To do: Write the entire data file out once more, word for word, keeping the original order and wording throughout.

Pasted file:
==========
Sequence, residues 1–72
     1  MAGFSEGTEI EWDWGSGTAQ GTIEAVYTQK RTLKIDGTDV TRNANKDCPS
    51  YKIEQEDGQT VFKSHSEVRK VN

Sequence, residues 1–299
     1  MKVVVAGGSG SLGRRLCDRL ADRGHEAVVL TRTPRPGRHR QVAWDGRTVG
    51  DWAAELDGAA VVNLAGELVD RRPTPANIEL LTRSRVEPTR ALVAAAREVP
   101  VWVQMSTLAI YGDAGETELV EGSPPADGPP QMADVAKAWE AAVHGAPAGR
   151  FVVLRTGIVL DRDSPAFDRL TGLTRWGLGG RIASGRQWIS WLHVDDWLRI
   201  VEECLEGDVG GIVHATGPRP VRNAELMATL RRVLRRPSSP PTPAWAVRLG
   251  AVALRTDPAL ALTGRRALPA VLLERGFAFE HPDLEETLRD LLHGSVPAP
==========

Sequence, residues 1–72
     1  MAGFSEGTEI EWDWGSGTAQ GTIEAVYTQK RTLKIDGTDV TRNANKDCPS
    51  YKIEQEDGQT VFKSHSEVRK VN

Sequence, residues 1–299
     1  MKVVVAGGSG SLGRRLCDRL ADRGHEAVVL TRTPRPGRHR QVAWDGRTVG
    51  DWAAELDGAA VVNLAGELVD RRPTPANIEL LTRSRVEPTR ALVAAAREVP
   101  VWVQMSTLAI YGDAGETELV EGSPPADGPP QMADVAKAWE AAVHGAPAGR
   151  FVVLRTGIVL DRDSPAFDRL TGLTRWGLGG RIASGRQWIS WLHVDDWLRI
   201  VEECLEGDVG GIVHATGPRP VRNAELMATL RRVLRRPSSP PTPAWAVRLG
   251  AVALRTDPAL ALTGRRALPA VLLERGFAFE HPDLEETLRD LLHGSVPAP